In recent discussions some people said that humans are not the problem, but rather the lack of good technology to protect them. I beg to differ. I think the human is the weakest link in any security system. In this blog I’ll explain why I think what I think. And, by all means, open up the discussion in the comments on LinkedIn if you agree or if you don’t.
When you think about security you think of technology, which makes sense because technology is what we are often trying to protect and we use technology to protect ourselves. In my opinion humans are the weakest link because you need technology to protect humans from other humans.
Yes, you can set up, roll out technology to help prevent a lot of human errors, but then we’re still talking about human error. Emphasis on ‘human’.
I’ve created 6 principles that, in my opinion, are the basics to tackle human factor security in any organization that has personnel. These 6 human factor security principles are:
I’ll discuss all 6 principles below.
Every organization should have job descriptions for most roles within the organization. This will come in handy when deciding what salary is appropriate, or to know who does what in case of a leave of absence and their tasks have to be taken over by a colleague. When it comes to the Human Factor Security, you’ll want to make sure you have authorization access levels in place so that unauthorized personnel cannot view, edit or delete information and files. Should a person need to take on extra tasks due to a sick leave of a colleague, it could very well be that they require additional authorization to access specific areas in the network. But once the colleague returns to their regular work, the authorization levels must go back to how they were. That makes sense, right? You’d think that, but all too often I see otherwise. When people get demoted, promoted, change positions within the company, it’s up to HR and IT (or whomever is in charge) to change the access levels to where they should be. So, preferably before a position is filled: think about the appropriate access that person in that role should have.
When interviewing someone for a non-IT position, there usually doesn’t seem to be a need to ask about the interviewee’s knowledge of security. However, here’s where you have a lot of influence in selecting security aware personnel. You know, the kind that takes responsibility to keep your organization secure and protect your assets. My advice is to find a way to incorporate security awareness questions into the interview and assessments. Just asking them straight forward isn’t good enough. Any well-prepared applicant would know the right answer, but you really want to pick out the people who aren’t averse to change (when new policies and WOW (way of working) methods change that they will adhere to the new rules and follow new processes).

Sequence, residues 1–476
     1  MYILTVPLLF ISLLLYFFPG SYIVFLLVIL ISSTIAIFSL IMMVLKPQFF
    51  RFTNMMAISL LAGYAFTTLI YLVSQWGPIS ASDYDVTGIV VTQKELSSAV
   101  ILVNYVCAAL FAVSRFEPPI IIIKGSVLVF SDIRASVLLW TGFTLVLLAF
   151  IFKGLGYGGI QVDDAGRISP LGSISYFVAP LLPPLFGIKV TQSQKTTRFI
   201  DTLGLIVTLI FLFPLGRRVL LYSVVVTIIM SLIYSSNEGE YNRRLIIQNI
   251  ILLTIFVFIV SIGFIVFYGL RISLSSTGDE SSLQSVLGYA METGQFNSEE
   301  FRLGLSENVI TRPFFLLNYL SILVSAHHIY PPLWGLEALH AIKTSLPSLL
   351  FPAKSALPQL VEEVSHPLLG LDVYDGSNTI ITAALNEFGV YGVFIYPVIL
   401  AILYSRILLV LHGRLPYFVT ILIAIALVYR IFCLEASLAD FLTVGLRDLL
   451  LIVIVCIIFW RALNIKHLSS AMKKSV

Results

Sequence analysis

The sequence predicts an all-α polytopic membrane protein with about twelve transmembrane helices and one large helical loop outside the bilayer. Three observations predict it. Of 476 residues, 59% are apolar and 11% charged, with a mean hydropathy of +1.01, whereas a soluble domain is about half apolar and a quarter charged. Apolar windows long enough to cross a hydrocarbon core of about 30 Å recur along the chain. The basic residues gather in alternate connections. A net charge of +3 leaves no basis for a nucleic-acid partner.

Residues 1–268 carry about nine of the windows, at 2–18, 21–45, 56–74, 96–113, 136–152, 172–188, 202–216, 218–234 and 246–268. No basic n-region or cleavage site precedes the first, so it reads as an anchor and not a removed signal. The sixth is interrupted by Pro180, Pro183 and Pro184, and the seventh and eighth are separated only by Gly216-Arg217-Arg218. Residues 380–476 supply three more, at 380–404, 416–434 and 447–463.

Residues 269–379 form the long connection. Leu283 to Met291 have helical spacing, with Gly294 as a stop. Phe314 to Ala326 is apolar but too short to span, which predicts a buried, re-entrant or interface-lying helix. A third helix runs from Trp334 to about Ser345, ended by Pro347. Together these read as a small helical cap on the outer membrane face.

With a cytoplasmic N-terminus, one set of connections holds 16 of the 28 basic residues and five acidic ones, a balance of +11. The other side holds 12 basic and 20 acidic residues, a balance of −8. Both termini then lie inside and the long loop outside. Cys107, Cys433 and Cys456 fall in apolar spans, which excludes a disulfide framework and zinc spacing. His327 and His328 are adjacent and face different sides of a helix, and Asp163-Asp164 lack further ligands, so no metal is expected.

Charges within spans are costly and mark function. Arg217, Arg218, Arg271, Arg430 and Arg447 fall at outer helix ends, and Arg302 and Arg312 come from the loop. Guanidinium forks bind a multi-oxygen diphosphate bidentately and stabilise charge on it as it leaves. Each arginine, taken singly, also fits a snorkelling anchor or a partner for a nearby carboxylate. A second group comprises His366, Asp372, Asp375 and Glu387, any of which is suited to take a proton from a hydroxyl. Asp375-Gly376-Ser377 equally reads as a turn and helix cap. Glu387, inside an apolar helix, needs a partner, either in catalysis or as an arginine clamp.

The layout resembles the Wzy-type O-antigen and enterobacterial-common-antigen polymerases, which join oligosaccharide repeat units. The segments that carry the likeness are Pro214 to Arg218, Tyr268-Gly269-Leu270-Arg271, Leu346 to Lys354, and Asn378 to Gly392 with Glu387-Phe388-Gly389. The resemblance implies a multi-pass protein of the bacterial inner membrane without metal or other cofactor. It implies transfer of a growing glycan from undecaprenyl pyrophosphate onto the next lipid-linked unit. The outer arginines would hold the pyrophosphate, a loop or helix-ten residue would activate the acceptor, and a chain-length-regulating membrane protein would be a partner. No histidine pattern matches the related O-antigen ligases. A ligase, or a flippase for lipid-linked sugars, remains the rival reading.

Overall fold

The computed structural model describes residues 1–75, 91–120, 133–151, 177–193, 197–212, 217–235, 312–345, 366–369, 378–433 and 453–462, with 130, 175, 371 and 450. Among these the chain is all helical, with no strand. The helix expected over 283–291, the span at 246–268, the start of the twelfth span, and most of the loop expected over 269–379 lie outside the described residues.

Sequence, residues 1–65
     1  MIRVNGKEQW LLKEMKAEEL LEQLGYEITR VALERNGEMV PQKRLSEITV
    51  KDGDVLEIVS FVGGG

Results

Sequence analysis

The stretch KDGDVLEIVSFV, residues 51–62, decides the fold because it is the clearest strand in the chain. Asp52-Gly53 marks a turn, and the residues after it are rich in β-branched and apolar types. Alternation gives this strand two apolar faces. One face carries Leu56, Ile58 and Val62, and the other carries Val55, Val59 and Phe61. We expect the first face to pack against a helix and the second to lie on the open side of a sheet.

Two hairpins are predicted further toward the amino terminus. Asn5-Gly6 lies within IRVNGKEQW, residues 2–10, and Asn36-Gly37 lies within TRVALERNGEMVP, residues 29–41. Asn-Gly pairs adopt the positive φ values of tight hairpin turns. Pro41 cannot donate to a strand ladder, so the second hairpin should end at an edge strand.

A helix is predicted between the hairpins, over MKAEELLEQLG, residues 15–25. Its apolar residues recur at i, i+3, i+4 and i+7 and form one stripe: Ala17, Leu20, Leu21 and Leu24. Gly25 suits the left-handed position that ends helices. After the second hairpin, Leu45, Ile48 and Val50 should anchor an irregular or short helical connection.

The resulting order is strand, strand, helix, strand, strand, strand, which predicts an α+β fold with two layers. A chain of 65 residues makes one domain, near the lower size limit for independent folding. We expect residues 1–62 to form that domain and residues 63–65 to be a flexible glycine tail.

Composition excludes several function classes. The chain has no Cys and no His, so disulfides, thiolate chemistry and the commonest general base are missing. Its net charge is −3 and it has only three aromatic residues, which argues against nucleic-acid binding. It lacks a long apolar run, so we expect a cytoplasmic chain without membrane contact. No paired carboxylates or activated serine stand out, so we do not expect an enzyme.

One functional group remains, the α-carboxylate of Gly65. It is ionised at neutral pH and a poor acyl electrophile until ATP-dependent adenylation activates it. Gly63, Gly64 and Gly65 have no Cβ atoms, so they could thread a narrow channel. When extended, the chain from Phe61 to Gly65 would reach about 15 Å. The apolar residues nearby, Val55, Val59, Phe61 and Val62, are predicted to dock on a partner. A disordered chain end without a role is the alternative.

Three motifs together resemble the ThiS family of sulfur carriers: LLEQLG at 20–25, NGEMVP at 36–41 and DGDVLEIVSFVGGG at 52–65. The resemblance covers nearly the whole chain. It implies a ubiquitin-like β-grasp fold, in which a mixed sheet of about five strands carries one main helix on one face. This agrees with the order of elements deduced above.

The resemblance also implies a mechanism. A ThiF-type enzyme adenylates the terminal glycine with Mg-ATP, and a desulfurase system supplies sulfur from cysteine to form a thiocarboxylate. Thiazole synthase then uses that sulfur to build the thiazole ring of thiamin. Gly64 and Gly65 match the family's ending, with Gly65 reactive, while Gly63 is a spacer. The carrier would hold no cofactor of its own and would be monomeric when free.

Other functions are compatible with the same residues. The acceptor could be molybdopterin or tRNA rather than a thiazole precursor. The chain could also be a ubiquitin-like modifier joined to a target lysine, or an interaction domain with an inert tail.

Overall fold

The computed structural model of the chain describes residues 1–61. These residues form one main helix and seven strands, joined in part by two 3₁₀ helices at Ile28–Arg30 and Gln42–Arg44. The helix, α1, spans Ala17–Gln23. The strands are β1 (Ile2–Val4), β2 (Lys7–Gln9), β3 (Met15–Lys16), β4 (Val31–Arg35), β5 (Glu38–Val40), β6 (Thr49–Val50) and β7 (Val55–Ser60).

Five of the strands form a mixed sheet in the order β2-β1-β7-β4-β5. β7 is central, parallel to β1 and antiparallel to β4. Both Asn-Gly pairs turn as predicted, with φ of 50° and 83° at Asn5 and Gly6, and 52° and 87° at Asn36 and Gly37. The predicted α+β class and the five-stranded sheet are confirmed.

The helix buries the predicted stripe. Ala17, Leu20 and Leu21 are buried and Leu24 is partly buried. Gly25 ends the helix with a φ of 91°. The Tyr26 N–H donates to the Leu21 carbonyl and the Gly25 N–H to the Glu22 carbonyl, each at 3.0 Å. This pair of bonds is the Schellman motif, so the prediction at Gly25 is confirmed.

There are a number of behaviors that a person can show that by itself might not mean much, but in combination should be seen as red flags. A few examples below, but please be aware that even if one person ticks all the boxes, there is still a possibility that they’re not a threat. At least, not yet.
Another thing to look for in an organizational culture is fear. Fear to speak up for instance. If there are bullies or the manager/boss is a person who people will try to avoid, are afraid of and so on, you can bet your bottom dollar that personnel is way less likely to notify their boss / manager of a data breach or other security issue. Which is a risk for the whole organization. A manager may be a right royal *bleep* to work with but really the best in his field, but if this results in more risks as mentioned above, than you’ve got to really do a check and balance about how much risk you’re willing to take.
The security policy should be signed by all staff members that they’ve read it and will adhere to it. This makes them accountable and could make it easier on your organizations to take appropriate measures should they purposely or repeatedly break the rules. Appropriate measures could mean official warnings in their personnel file and even lay them off.
Awareness training on what security, privacy and risk management is, will help your staff to understand the necessity and their role in the business continuity of the organization. Awareness trainings should be given yearly at a minimum but preferably more often. This doesn’t mean you’d have to hire an outsider every time, but you could incorporate drills into the mix. Just like fire drills, where everyone practices what to do and people know where to go etc. A similar thing can be done with regards to security. Create a fake security, have a BCP (Business Continuity Plan) in place and practice using it.
Last but definitely not least, the NDA (Non-Disclosure Agreement). When new the interviewee becomes the employee and NDA must be signed, together with the rest of the paperwork. The HR staff must go over the NDA very clearly with the new employee and then the employee must sign it. This holds them accountable, just like with the security policy. They must be aware of the penalties of not adhering to the NDA. And, when the offboarding process starts, again, regardless of how or why someone is leaving the company, the NDA must be discussed again. Their awareness of penalties must be refreshed. They need to be made aware (again) that certain (or all) parts of the NDA are still valid even after they’ve left and sometimes for an indefinite amount of time. Don’t assume that people will remember. You can have the highest penalties, but you’d still wouldn’t want certain information made public regardless. So, better safe than sorry: prevent it by going over it before the employee starts working and after they leave.
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